The arts are a form of universal language and expression. Singapore has a rapidly ageing population and is well known to be the home for multiple races and religions. The arts can be used to bring people of different backgrounds and walks of life together, and motivate them to share their experiences and cultures with each other. In July 2015, there was a special concert put together by creative director of New Creation Church KC Gan, titled “Harmony In Diversity”. This concert brings together Singapore’s 10 major religions and 4 main races. The medium of a concert, with colorful songs and dances, was used to promote racial harmony, as it is likely to be enjoyable and have a wider reach to the public. Moreover, since the arts do not require physical fitness, the elderly can also be involved to encourage inter generational bonding. Similar to the workshop “Sounds Like Fun!” organized by Year 2 students of the Arts Management Program in Laselle College of the Arts in 2013, there can be activities prepared to bond senior citizens and the younger generation. In order for the mentality of social cohesion to be ingrained in all Singaporeans, the arts can be used as a platform. Social cohesion is one of the main principles for Singapore to be a pleasant country to live in. Hence, it is justifiable to spend money on the arts to promote this social cohesion.

The arts are a core contributor to building Singapore’s national identity, boosting its reputation as an arts hub and fostering social cohesion between Singaporeans. Although some may argue that money should be invested in more pragmatic issues, the future of Singapore is more likely to be successful if they are creative and innovative, similar to other countries in the world. Hence, the vast amount of money spent on the arts is driving towards this end goal, and is justified.

P.S: This essay is taken from one of my current student who got 32/50 for a school exam. What do you think of this essay? Leave your comments below and we can take up a discussion from there.

How important is it for people in your society to retain a sense of tradition?

JC General Paper

Traditions are important because it provides people with a way to govern themselves in a world where moral standards are now often being compromised. Most traditions have moral and ethical messages embedded within them, and these serve as guidelines as to how people should govern themselves and, therefore, gain a degree of control over their lives. Before the invention of today’s modern laws, people used traditions as their guiding principles and while some traditions were abandoned, most of them are recycled and reused as the basis or foundations for some of the existing laws today. At times, traditions could have such a powerful and pervading influence, so much so that they become unspoken laws, laws of logic that the masses hold to. Examples of traditions that we hold dear would be the Chinese New Year festival, where it teaches the value of sharing and family unity and importance.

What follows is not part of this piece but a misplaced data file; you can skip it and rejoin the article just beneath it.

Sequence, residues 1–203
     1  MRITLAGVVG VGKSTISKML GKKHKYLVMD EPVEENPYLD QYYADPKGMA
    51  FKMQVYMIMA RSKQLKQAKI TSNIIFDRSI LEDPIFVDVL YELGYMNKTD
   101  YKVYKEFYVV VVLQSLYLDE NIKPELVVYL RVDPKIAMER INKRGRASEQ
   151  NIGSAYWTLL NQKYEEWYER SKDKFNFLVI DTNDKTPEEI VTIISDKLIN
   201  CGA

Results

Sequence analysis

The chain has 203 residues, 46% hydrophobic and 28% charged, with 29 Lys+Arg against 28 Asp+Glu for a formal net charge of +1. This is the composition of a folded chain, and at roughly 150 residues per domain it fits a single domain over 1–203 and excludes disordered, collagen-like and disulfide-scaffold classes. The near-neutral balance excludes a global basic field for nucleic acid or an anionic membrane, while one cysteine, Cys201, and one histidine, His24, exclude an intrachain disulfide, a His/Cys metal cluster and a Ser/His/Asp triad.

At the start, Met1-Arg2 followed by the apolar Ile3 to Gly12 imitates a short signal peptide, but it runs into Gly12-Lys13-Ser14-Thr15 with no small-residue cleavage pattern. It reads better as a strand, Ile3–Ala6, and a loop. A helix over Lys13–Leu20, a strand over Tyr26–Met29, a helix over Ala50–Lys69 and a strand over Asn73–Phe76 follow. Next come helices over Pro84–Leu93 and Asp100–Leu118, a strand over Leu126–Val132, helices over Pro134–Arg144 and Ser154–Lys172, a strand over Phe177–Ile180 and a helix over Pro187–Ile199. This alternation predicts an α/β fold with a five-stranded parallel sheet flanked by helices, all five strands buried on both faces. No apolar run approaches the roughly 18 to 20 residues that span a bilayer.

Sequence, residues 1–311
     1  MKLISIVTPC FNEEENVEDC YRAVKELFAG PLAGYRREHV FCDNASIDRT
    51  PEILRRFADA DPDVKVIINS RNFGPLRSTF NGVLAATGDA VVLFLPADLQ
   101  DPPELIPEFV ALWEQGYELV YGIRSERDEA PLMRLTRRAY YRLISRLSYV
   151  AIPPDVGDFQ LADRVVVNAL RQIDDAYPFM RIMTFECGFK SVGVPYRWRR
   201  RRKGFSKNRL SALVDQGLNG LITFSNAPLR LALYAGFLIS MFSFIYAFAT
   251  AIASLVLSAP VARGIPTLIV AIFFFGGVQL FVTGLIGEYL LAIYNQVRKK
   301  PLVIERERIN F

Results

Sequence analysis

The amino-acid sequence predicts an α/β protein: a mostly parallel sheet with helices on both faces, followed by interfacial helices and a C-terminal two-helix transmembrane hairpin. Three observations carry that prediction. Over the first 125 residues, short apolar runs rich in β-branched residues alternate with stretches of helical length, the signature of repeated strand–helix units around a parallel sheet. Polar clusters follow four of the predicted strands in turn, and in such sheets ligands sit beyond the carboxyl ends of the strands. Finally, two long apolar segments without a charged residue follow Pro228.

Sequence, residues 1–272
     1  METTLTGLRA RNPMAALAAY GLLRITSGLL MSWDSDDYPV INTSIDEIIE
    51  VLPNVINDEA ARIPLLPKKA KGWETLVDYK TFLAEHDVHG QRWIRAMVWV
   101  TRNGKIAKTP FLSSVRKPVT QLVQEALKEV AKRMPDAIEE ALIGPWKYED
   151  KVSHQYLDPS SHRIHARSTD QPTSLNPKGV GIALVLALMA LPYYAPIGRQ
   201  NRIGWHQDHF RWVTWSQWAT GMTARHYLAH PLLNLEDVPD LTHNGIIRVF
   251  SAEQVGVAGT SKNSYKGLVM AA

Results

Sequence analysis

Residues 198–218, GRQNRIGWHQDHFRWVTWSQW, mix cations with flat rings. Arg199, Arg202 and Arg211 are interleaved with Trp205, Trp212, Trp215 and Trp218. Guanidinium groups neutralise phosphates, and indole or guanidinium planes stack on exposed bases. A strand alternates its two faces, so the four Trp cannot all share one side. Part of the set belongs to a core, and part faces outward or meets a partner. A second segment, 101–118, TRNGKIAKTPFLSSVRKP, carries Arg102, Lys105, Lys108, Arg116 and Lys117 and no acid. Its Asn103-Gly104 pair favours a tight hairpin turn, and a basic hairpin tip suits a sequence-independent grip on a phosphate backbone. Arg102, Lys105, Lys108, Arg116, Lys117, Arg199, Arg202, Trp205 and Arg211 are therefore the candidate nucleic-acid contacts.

Traditions are also important to keep us rooted in our own self identity especially in this globalized world where the spread of Americanization serves to dilute our own culture and values. The unique practices that people still and continually adhere to, serve as a reminder of our origins and give us a glimpse into the lives of our ancestors. It is only through undergoing the activities that our ancestors have undergone, that we are able to understand our personal histories and be aware of the cultural identities that we each possess, particularly, in Singapore where it also serves as a binding force for a heterogeneous society, where a plethora of different cultures and traditions abound.

However, retaining a sense of tradition may not be important as it may lead to segregation and divide people especially in a multi-racial and multi-religious country such as Singapore. While having a sense of tradition unites people together, it only applies to people who belong to a particular group who share the same traditions. This inadvertently creates an “us” versus “them” kind of mind set within the different parties and it would serve to heighten the sense of suspicion and fear. Also, given that Singapore is increasingly globalized and greater influx of people are coming to this city to work and travel, it does not make sense to retain traditions. Traditions in this case no longer serve any purpose and they should be re-adapted to fit the contexts of the present day.

Finally, traditions may not even hold any role in today’s world where people’s lives are getting more and more fast-paced- simply because people do not have the time to uphold these traditions. For example, it has been observed that the annual Chinese Qing Ming festival is in the danger of being virtually extinct. The number of families that turn up on the day of Qing Ming has been decreasing most likely because of tight and busy working schedules which incidentally, has been cited as one of the common reasons by Singaporean Chinese. In a world where stress is placed on individuals to succeed and to attain a degree of sustainable income to support themselves, such traditions serve to hinder their progress and may make them lose out on the race, therefore, traditions may not always be important.